Frozen frogs: How amphibians survive the harsh Alaskan winters

Jan 07, 2014 by Shane Hanlon

As winter approaches, many of us hunker down and virtually "hibernate" for the season. Classic hibernation in the wild conjures images of furry bears, but other animals are not so lucky to have immense fat stores or fur to protect them from the elements. Frogs that live at northern latitudes have neither of these, but must find ways to survive the harsh winter season. Their solution? Freezing…but not to death.

Wood (Lithobates sylvaticus) freeze upwards of 60% of their bodies during the winter months. "For all intents and purposes, they are dead," said Don Larson, a Ph.D. student at Fairbanks who is interested in how frogs in some of the harshest conditions of Alaska alter their physiology to survive the long and extremely cold winters. Unlike previous studies, Larson used standard lab-based experiments, but also included measurements to track a population in the wild.

Beginning in October, Larson tracked frogs throughout the harsh winter season. Prior to freezing for the entire season, he observed that frogs underwent 10-15 cycles of freezing and then thawing. Thinking that such freeze/thaw cycles may be the key to the frogs' survival through the winter season, Larson wanted to mimic these natural conditions back in the lab. To do this, he conducted a lab experiment where frogs were left unfrozen, frozen directly, or frozen through a freeze/thaw cycle.

In the wild, all frogs survived throughout the long winter where temperatures ranged from -9°C to -18°C, a longer and colder period than previously observed with wood frogs. How did they avoid becoming frog-flavored popsicles? One clue was the amount of glucose in the frog's tissues, one of the primary agents that "protect" the frogs while they freeze. In both field and lab settings where the freeze/thaw cycles occurred, glucose concentrations increased between 2 and 10-fold, levels that have never been previously observed.

Glucose production occurs as frogs begin to freeze. Thus, Larson thinks that the high number of freeze/thaw cycles allows for a greater increase in glucose production. This process is akin to the deliberate hyperventilation of divers prior to submerging, which serves to increase the volume of air that their lungs can consume. The frogs' version of hyperventilation—the freeze/thaw cycles—increases their glucose levels to allow them to survive longer and colder conditions.

While previous research has shown that wood frogs can tolerate low temperatures for short periods of time, frogs in Larson's study survived longer, had a higher incidence of survival (100%), and survived at colder temperatures than ever previously recorded. Moreover, his work highlights glucose as an agent for the survival of in the harsh winter conditions. Now that Larson has a better understanding of how a frog's physiology changes in response to the winter season, his next step is to understand how things living inside them, such as parasites, will be affected. He hopes to use his current research to shape future studies that examine the role of the cold environment on host-parasite interactions in frogs.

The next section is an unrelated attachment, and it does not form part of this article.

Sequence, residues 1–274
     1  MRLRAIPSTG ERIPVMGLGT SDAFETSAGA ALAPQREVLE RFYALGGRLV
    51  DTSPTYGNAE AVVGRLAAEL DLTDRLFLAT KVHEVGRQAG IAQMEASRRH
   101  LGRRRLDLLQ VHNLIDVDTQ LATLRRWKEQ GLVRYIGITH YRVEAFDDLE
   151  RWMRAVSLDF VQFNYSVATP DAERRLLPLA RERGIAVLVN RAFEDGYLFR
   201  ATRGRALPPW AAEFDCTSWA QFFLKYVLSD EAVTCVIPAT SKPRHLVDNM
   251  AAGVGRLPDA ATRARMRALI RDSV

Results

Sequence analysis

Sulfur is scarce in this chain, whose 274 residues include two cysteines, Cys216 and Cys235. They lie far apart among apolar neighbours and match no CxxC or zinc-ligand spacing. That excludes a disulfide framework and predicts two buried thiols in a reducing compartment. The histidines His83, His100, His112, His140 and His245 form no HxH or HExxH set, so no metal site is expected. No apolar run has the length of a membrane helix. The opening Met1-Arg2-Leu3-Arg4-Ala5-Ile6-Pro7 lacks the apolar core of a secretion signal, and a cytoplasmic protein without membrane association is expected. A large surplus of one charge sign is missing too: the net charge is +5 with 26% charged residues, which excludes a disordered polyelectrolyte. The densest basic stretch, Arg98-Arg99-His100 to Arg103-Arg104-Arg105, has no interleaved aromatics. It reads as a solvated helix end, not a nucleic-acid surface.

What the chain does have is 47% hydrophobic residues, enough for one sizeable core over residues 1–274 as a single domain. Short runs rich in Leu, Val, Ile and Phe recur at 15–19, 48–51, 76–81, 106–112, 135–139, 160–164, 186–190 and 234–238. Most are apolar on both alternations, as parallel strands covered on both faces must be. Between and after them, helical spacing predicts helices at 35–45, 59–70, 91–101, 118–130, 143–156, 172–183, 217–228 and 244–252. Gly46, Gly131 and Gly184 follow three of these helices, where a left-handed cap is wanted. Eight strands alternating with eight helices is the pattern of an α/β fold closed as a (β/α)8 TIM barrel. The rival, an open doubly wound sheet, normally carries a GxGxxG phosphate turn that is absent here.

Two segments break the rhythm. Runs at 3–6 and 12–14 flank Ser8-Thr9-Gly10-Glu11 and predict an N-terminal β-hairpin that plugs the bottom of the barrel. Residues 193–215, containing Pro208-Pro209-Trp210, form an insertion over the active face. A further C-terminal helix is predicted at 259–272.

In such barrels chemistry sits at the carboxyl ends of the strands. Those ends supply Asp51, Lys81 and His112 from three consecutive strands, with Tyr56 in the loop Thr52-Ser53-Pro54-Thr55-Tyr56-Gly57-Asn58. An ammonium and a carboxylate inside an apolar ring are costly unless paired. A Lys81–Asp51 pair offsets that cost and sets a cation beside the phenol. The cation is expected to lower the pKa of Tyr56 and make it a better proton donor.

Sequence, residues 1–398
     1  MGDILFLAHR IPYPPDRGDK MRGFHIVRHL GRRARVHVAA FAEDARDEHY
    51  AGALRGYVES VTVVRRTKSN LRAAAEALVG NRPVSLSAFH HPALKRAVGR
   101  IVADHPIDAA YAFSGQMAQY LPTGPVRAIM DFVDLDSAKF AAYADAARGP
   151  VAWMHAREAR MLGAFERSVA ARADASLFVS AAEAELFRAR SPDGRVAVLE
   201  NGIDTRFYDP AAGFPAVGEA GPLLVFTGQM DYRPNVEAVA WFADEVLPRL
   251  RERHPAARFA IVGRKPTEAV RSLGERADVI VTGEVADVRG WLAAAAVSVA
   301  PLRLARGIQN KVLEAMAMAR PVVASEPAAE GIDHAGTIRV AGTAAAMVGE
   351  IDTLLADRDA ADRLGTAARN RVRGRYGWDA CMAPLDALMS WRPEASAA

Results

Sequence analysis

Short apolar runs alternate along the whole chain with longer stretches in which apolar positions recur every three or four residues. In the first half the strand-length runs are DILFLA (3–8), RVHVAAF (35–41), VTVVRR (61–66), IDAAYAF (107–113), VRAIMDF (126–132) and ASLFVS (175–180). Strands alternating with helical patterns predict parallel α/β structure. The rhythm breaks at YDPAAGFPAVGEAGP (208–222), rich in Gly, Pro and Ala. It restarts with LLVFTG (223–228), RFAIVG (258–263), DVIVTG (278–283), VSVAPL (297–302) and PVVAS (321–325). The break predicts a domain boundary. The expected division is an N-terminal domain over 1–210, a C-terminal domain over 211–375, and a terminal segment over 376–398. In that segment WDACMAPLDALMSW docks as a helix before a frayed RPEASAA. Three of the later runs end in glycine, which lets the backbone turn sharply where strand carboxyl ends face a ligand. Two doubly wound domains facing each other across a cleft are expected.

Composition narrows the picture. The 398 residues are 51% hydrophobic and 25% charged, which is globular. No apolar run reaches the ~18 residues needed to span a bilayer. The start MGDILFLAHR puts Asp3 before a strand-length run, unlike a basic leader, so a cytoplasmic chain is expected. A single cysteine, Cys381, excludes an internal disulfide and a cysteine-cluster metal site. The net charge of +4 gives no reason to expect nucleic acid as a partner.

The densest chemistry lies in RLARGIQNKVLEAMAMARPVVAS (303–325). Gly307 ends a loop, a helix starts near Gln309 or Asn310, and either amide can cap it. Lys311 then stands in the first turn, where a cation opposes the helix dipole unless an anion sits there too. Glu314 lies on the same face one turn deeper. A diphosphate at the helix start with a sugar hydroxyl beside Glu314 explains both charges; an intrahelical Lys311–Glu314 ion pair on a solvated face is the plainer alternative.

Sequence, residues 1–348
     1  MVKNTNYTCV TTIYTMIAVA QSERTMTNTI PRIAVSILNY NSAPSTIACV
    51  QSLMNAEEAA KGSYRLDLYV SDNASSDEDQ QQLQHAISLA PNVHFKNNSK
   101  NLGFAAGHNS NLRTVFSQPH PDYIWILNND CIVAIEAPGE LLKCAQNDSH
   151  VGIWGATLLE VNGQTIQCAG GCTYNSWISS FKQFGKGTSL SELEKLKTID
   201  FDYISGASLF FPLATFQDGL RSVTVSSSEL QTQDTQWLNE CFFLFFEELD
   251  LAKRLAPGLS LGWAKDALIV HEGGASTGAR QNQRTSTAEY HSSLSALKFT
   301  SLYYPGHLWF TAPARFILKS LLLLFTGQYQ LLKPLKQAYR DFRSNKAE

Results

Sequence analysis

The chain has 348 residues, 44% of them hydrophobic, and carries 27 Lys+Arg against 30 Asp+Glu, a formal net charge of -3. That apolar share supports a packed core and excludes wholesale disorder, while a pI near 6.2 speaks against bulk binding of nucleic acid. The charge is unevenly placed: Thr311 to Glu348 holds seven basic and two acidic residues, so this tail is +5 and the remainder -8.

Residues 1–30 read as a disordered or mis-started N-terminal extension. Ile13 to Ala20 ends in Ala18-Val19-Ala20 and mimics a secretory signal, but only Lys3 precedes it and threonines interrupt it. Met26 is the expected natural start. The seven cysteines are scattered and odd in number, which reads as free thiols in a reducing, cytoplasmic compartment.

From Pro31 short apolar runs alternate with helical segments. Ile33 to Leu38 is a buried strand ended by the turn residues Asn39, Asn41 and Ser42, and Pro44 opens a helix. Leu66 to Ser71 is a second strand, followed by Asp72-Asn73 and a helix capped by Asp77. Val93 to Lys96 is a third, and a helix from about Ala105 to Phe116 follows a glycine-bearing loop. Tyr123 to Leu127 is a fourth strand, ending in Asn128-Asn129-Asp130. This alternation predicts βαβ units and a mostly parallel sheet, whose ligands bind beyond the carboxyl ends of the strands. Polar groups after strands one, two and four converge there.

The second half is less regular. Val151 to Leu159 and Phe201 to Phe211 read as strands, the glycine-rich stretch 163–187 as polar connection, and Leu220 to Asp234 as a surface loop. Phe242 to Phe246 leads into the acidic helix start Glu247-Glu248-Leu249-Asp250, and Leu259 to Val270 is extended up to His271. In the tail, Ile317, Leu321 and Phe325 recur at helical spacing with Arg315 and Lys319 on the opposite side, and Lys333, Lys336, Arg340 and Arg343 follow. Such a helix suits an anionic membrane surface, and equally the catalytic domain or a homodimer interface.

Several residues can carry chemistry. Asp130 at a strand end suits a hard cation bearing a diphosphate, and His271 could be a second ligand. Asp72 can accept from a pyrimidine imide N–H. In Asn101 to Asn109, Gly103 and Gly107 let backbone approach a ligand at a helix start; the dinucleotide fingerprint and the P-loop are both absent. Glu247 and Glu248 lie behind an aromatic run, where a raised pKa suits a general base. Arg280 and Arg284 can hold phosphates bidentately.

Explore further: Alaskan wood frogs stock up on solutes to survive

add to favorites email to friend print save as pdf

Related Stories

Alaskan wood frogs stock up on solutes to survive

Aug 23, 2013

Outwardly, the tiny wood frog, Rana sylvatica, does not look like your regular arctic inhabitant. Yet despite their tiny stature, these little frogs are actually quite hardy and can tolerate freezing of up ...

Tree frogs chill out to collect precious water

Sep 29, 2011

Research published in the October issue of The American Naturalist shows that Australian green tree frogs survive the dry season with the help of the same phenomenon that fogs up eyeglasses in the winter.

The last croak for Darwin's frog

Nov 20, 2013

Deadly amphibian disease chytridiomycosis has caused the extinction of Darwin's frogs, believe scientists from the Zoological Society of London (ZSL) and Universidad Andrés Bello (UNAB), Chile.

Recommended for you

Chinese mosquitos on the Baltic Sea

1 hour ago

The analysis of the roughly 3,000 pieces is still in its infant stage. But it is already evident that the results will be of major significance. "Amazingly often, we are finding–in addition to Asian forms–the ...

Baby zebra is latest success in research partnership

2 hours ago

The recent birth of a female Grevy's zebra foal at the Saint Louis Zoo marks another milestone in a long-running Washington University in St. Louis research partnership that is making significant contributions ...

'Killer sperm' prevents mating between worm species

20 hours ago

The classic definition of a biological species is the ability to breed within its group, and the inability to breed outside it. For instance, breeding a horse and a donkey may result in a live mule offspring, ...

Rare Sri Lankan leopards born in French zoo

23 hours ago

Two rare Sri Lankan leopard cubs have been born in a zoo in northern France, a boost for a sub-species that numbers only about 700 in the wild, the head of the facility said Tuesday.

User comments : 0